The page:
The 1940's method of Dr. Moshe Feldenkrais is derived from principles of physics, biomechanics, psychology and martial arts. This involves developing new motor patterns by using gentle active and passive movements accompanied by verbal direction. The objective is to abandon old movement patterns by replacing them with newer, more effective patterns. As one who has practiced guided imagery for almost two decades, it struck me that this is about as close to what might be called guided imagery directed by the left brain as I have ever heard known. It is just a short step to the concept of doing this same thing in the virtual state through visualization. The left brain will retain a memory of the former while the right brain will remember the accomplishments of the latter. Furthermore it is the right brain, not the left that has the precise control over the subtleties of cellular organization and activities. While there is still no definitive confirmation of the efficacy of the Feldenkerais method, it is still widely practiced and the concept retains its appeal.
Aquatic therapy is generally used in conjunction with other forms of therapy. It is highly regarded among therapists. Again, it is worthwhile to note that a patient, in a relaxed state, following the suggestions of the imagery guide can likewise go for a therapeutic, refreshing, healing swim. This will also be remembered by the subconscious mind. Furthermore, it can be done as often as desired from the privacy on one's own home, does not require an actual swimming pool and involves absolutely no expense.
Hippotherapy (horseback riding) is very popular as an adjunct to treatments. This method also focuses on easier movements and responses to such things as weight shifting and postural maintenance due to equilibrium reactions. Again, a very vigorous ride, including jumps, can be enjoyed in the realm of the imagination that is just as real to the subconscious right brain as the hippotherapy is to the conscious left brain. There is likewise something to be said for horseback riding that does not require the usual feeding, grooming and cleaning the stables.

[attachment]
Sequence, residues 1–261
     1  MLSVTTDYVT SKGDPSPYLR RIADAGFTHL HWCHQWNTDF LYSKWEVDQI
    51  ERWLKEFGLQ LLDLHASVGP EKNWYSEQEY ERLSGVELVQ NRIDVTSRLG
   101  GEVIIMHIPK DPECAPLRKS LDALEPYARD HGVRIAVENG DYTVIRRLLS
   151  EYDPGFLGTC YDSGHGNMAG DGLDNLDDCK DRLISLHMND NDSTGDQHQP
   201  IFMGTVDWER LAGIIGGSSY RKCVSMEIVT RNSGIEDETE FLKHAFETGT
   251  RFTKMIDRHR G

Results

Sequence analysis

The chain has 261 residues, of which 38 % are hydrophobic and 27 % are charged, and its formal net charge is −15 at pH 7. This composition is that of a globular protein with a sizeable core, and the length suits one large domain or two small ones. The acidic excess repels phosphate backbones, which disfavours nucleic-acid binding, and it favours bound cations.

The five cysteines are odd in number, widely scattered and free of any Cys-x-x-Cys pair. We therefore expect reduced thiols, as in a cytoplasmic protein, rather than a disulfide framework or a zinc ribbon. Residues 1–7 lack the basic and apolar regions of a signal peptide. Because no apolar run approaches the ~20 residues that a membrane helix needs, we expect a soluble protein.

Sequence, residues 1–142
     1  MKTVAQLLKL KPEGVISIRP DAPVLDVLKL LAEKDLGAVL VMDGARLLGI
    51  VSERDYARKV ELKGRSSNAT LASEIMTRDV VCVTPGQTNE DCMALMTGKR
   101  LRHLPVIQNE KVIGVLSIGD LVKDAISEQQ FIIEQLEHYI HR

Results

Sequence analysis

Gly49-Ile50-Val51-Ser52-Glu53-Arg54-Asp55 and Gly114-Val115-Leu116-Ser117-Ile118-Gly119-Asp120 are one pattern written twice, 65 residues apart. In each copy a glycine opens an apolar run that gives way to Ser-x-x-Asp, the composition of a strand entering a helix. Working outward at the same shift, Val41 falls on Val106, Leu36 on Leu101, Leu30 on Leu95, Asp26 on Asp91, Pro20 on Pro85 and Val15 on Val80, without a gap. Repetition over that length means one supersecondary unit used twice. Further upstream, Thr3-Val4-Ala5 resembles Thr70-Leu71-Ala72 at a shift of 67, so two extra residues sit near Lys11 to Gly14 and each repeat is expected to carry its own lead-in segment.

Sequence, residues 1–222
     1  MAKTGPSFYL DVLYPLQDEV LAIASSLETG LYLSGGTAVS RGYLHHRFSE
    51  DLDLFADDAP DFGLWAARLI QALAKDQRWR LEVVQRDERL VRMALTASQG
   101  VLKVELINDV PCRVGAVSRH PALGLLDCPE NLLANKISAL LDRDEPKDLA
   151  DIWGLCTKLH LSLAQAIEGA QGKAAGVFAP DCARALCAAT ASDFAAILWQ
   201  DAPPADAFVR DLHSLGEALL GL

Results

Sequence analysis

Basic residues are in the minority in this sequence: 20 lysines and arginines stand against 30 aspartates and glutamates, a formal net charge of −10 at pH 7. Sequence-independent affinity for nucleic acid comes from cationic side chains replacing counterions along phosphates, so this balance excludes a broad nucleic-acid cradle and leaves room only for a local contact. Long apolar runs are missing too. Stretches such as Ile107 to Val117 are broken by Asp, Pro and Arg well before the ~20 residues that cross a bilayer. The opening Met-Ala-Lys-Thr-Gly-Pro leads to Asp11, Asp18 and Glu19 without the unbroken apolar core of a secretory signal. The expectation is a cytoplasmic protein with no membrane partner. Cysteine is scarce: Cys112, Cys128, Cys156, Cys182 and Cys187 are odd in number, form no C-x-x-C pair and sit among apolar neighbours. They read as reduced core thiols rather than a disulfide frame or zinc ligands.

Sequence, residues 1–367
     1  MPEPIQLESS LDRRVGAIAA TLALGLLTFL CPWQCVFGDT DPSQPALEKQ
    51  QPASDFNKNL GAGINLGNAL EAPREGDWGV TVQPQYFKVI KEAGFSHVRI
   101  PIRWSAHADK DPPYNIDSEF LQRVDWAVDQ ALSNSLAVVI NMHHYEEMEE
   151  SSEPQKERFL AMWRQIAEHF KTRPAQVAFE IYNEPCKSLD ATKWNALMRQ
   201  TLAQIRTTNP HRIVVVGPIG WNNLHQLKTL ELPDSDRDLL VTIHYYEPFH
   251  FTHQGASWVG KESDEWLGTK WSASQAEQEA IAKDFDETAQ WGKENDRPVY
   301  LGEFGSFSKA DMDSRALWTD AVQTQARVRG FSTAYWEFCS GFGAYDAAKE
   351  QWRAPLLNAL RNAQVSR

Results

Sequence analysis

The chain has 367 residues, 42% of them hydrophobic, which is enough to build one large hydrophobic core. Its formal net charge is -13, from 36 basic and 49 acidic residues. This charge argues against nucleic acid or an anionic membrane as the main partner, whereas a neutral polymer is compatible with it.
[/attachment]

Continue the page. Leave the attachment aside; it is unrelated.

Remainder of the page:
It must be emphasized that, although this is a fascinating concept, it is scarcely out of the starting gate and a long, long way from acceptance in the halls of medicine. Nevertheless it is appealing and enjoys many advantages. The same things are basically true in the CP venue that are true in the cancer applications. Guided imagery is patient friendly, self administered, self scheduled, with no side effects other than a good nights sleep and completely cost free.
Best of all, it will not take sophisticated machines to see progress. Those of us who argue for giving this a try expect to see progress in the smiles on sweet little faces, faces who currently show only diminishing hope. That will be reward enough to more than justify the effort and no amount of medical sophistry will be able to deny it. The nay sayers have already chimed in that this is purely visionary with no demonstrable basis in scientific fact. The best response that I can think of for this all too typical criticism of creative efforts historically is that of Proverbs 29:18, "Where there is no vision, the people perish".